Generating Reliable Power While Creating Negative Carbon Emissions
Note: On Jan 05, 2022, this article we prepared was published in oilprice.com: How Oil & Gas Companies Can Profitably Create Carbon-Negative Energy. In addition, these business opportunities were presented at the We Don’t Have Time COP26 Backdoor event on November 6th, 2021 (see LINK). If you are interested in collaborating with us, please fill out this form: Request for Collaboration Form.
Section A: Introduction
1a) Animated Intro Video (3.5 min.):
1b) Animated Intro Video (7 min.):
1c) Draft Intro Presentation Video (11 min.):
2) Full (25-min.) Presentation Video:
5) A major opportunity has emerged to capture and sequester CO2 from the atmosphere on a global scale as a result of rapid progress in four key technology areas, increased locations for storing CO2, and the rapid growth of climate finance. Given below is a summary of these developments and links to associated technologies:
a) Development of technologies enabling fossil fuel-based power generation with carbon capture, including the following:
i) Development of a breakthrough technology (Allam Cycle) that generates power from natural gas and captures 100% of CO2 created.
ii) Shell CANSOLV® CO₂ Capture System – A proprietary amine technology captures the CO2 from the flue gas and releases it as a pure stream.
iii) SureSource Capture by FuelCell Energy – Enables a coal plant to generate 80% more power, capture 90% of CO2 and reduce NOx emissions by 70%.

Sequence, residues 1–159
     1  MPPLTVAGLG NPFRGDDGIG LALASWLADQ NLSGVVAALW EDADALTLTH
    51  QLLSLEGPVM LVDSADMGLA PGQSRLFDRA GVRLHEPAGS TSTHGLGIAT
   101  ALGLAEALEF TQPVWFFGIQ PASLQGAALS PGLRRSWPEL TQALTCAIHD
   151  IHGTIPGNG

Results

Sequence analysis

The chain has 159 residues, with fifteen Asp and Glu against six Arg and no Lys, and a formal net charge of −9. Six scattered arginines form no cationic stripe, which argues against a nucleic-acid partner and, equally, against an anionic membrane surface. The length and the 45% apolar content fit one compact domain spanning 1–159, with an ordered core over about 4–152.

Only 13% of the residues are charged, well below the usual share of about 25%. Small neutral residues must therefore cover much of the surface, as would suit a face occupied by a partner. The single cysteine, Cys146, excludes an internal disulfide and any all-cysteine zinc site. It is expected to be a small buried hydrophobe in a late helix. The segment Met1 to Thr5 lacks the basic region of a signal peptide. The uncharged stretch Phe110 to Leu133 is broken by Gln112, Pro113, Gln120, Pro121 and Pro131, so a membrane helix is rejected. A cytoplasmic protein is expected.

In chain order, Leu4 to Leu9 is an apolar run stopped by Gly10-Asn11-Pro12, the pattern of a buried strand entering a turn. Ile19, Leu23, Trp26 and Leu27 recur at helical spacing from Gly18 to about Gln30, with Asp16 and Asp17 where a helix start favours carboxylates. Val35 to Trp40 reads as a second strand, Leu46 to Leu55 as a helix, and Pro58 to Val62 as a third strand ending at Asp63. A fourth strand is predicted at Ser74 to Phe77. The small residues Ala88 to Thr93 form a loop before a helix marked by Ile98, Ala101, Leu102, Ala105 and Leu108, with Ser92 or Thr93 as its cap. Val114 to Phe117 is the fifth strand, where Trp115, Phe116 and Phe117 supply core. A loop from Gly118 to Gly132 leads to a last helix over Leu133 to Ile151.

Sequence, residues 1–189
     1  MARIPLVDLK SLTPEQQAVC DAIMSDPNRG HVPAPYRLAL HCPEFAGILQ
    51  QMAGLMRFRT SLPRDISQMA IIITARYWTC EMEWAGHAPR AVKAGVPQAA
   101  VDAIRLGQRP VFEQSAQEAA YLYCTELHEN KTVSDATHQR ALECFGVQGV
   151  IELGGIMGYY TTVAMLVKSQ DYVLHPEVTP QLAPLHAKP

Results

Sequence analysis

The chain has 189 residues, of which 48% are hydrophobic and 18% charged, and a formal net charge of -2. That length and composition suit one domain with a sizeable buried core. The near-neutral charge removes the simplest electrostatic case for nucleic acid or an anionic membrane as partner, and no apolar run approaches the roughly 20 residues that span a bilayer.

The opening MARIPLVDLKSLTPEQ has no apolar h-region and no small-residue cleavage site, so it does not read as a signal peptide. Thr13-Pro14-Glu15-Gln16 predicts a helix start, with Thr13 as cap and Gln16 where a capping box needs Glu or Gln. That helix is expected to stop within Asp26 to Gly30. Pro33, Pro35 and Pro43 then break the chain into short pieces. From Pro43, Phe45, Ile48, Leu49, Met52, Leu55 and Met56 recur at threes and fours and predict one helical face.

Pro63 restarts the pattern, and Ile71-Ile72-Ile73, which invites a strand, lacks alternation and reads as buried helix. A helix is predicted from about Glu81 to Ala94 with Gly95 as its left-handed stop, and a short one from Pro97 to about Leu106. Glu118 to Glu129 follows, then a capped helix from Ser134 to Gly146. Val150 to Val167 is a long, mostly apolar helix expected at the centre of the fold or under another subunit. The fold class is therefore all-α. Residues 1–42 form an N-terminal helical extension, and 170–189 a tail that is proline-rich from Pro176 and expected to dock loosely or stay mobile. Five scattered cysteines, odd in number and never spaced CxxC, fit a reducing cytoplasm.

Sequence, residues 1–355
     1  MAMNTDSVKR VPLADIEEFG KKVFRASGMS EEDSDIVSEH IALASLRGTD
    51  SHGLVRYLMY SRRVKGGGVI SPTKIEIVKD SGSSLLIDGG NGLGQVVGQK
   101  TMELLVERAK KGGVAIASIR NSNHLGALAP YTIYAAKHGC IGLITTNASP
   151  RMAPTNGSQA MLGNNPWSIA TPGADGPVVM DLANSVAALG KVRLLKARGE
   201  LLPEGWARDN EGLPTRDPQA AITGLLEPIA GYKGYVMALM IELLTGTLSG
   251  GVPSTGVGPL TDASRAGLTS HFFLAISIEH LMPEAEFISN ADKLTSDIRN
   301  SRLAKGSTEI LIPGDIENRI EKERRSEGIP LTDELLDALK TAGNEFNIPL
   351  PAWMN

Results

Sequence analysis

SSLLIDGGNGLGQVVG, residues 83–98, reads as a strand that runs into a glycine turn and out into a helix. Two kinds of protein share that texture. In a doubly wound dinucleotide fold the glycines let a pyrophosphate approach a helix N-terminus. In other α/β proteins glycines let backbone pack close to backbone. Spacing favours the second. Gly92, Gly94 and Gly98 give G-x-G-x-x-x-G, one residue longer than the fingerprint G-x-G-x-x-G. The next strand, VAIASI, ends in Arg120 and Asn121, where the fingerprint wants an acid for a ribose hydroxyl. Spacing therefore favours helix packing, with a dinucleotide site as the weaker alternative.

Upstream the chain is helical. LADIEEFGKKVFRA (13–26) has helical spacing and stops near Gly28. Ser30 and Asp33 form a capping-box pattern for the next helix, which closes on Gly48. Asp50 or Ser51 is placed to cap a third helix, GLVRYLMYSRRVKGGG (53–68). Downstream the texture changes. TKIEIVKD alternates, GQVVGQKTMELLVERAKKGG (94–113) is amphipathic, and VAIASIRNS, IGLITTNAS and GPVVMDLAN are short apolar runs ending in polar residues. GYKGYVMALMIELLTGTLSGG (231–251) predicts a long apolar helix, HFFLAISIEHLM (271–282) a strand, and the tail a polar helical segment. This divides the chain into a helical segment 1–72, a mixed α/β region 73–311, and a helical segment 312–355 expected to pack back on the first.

iv) Global Thermostat -Their DAC technology can cost-effectively capture CO2 from the outside air and natural gas power plants simultaneously.
b) Development of technologies that can capture CO2 from outside air (Direct Air Capture or DAC) at a relatively low estimated cost. Given below is of companies with innovative DAC technologies along with some related notes:
ii) Climeworks – Recently installed a 4,000 tonnes/year DAC facility in Iceland with Carbfix
vii) Heirloom Carbon Capture
viii) Mission Zero
x) Carbon Capture
xi) Agora Energy Technologies
c) Development of many utility-scale energy storage technologies. Given below some battery-based utility-scale energy storage companies and associations:
xi) Energy Storage Association Members
Note: Selected online reviews of battery-based energy storage technologies: Energy Storage YouTube Playlist
d) Continued improvement and declining costs of renewable energy technologies, including wind and solar.
e) There has been a rapid growth in the number of locations where CO2 can be stored. These locations are often associated around clusters of industries that are implementing carbon capture, utilization and storage (CCUS). Given below are two example CCUS clusters:
i) Alberta Carbon Trunk Line (ACTL) system
ii) Net Zero Teesside.
Each of these CCUS clusters already have several companies working together to utilize a common CO2 sequestering service and are inviting more companies to join them to utilize this same sequestering service. To view a more comprehensive list of these types of clusters around the world, see: Global Status of CCS 2020 report by Global CCS Institute. Also, see the CCS Database managed by Global CSS Institute. For some additional background about these types of clusters around the world, see: Understanding Industrial CCS hubs and clusters by the Global Carbon Capture and Storage Institute.